It always was a strange game, this Guild Wars thing. I mean, a hybrid traditional RPG with major MMO elements, without a subs fee? It sounded like insanity from day one, but that final characteristic, as well as its huge playable areas, tons of skills and character builds, and innate skill-swapping fireball-throwing group questing charm on a huge scale. GW has missions, quests, sub-quests, PvE, PvP, trading, running, mercenaries, and a host of agreeable reviews from around the world. Massive in Korea, but spreading rapidly across the West, Guild Wars was a major success for professional bringers-of-MMOs NCSoft. And success breeds profit, and profit, for publishers, hopefully breeds more profit, hence the existence of the hugely generous new optional and stand-alone expansion, Guild Wars: Factions.
The game offers enormous amounts of new content for both Player vs. Environment and Player vs. Player sides of the game. In PvE terms, there’s a whole new continent, the civil war waged Cantha, complete with a suitably epic campaign structure of new missions. There are two new classes too, the shadowy, low health but vicious Assassin and the mystical, spirit-raising Ritualist. Despite some criticism concerning the assassin’s frailty the new classes offer a whole raft of new tactical options to the GW player, and particularly please the PvP old hand who’ll salivate at the new PvP builds available due to the wave of new skills the two classes usher in.
On the PvP side, those new classes are hugely significant, and are already changing the landscape of GW’s satisfyingly complex PvP game – literally. Factions introduces an alliance system, where player-run guilds can form mighty juntas and compete not only for GW’s Hall of Heroes, but for control of entire domains on the map, through the medium of newly enhanced guild battles on a scale never before seen. In the PvP in Factions then, the stakes are higher than ever.
And this underlines in this new expansion the importance of getting together with a dedicated guild, racing through some slap-bang-wallop PvE to acquire brand-new skills and weapon components to really sock it to those dastardly Koreans, Yanks or randomers from Bromley in the PvP arenas. The PvE and PvP sides of the game are more heavily integrated than ever, and it’s hugely convenient and well-implemented. Stuck on a quest? Leave it for a while, enjoy some PvP with the guild and get some tips while you’re at it. Can’t win at PvP? Play some more quests with some random players, identify new weapons, and use components to upgrade your PvP boomsticks. It introduces a fantastic cycle of PvE ambition leading to levelling up, leading to increased PvP success, and with the promise of future expansions on the way, it seems likely that this cycle can be running players along happily for many months yet to come.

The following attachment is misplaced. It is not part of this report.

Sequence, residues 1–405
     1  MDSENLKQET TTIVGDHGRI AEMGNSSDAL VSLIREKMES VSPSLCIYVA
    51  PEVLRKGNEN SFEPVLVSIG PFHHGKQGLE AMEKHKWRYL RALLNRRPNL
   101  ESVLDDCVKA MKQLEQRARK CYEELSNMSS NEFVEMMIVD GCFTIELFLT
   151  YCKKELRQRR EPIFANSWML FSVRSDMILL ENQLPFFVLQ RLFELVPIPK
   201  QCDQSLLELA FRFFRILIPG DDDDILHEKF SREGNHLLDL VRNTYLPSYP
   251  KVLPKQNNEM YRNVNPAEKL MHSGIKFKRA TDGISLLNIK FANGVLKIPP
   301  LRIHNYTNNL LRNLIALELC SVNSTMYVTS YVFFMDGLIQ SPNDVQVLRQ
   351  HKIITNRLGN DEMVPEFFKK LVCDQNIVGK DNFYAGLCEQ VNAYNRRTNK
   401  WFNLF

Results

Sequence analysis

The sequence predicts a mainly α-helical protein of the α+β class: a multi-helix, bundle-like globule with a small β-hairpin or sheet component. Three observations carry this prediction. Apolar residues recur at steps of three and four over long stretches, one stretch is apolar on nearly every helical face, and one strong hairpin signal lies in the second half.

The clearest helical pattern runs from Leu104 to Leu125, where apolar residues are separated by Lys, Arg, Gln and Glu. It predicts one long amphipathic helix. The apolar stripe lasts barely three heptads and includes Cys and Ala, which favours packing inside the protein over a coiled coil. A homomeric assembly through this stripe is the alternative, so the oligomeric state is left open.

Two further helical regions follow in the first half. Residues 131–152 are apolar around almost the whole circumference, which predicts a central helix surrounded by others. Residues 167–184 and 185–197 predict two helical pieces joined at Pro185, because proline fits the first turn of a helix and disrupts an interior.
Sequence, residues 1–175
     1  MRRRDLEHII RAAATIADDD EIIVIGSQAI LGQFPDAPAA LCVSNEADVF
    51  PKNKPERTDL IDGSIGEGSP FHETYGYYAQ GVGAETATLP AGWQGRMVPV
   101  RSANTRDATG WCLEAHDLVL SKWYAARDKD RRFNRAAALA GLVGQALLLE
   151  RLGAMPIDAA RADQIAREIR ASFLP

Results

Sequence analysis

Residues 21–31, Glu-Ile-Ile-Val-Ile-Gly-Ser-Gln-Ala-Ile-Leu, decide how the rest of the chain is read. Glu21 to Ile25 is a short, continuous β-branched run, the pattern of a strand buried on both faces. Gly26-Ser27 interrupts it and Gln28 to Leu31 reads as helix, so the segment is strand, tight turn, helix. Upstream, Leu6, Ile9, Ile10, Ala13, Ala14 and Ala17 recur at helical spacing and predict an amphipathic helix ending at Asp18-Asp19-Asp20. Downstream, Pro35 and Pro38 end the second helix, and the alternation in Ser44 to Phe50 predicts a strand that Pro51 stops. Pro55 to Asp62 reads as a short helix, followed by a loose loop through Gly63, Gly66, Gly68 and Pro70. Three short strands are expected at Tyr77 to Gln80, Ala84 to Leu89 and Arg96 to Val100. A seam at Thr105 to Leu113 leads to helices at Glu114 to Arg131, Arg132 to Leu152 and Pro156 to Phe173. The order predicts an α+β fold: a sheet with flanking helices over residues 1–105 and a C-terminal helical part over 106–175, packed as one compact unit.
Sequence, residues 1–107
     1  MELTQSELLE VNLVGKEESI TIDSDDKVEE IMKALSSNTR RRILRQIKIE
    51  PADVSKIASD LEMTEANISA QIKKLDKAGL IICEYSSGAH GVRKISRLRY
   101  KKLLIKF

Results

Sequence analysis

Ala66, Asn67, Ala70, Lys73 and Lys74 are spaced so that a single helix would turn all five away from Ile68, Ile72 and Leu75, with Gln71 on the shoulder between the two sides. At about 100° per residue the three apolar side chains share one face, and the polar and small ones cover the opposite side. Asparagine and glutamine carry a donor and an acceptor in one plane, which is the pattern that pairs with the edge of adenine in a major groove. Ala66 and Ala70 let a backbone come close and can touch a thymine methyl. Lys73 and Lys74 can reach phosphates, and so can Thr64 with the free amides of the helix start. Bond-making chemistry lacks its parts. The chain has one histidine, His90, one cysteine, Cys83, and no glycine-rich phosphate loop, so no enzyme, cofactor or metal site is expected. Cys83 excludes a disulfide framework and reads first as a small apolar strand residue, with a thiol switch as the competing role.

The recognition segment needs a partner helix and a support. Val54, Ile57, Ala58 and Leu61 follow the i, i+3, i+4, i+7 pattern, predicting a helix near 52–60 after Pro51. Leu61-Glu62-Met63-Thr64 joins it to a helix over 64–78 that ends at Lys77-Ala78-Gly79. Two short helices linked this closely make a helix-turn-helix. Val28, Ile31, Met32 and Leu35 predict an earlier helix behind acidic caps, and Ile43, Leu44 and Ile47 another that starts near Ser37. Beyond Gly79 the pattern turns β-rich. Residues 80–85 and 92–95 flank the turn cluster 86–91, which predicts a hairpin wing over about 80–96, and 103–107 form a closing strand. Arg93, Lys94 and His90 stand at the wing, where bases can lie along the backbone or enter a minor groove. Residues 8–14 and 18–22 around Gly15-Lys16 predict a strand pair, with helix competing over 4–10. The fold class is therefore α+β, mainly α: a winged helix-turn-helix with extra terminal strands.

Of course, Factions is by no means perfect, but most of its few deficiencies stem from problems that existed back with Guild Wars in the first place. Some quests seem mindlessly hard, the trade “system” although not really a system at all, (which is the problem) can be (and usually is) hugely frustrating. If you’ve found a quality weapon somewhere you want to sell, a NPC merchant will give you just a few measly gold for it, whereas if you can find a human taker they’ll happily hand over thousands of gold for the same item. Finding a buyer or buying what you want is genuinely difficult and annoying, and Factions would surely benefit from something like World of Warcraft’s convenient and fair auction hall concept.
Nevertheless, whether you like WoW’s largely old-fashioned MMO-age, or traditional single-player RPGs, the chances are that Factions, like its parent game, can cater for you generously. Although the PvP can be tough to get into, the game is (being standalone or an add-on to GW) as accommodating to new players as it is to the old. Consequently, Factions is a noble and successful effort and gets a hearty recommendation from me.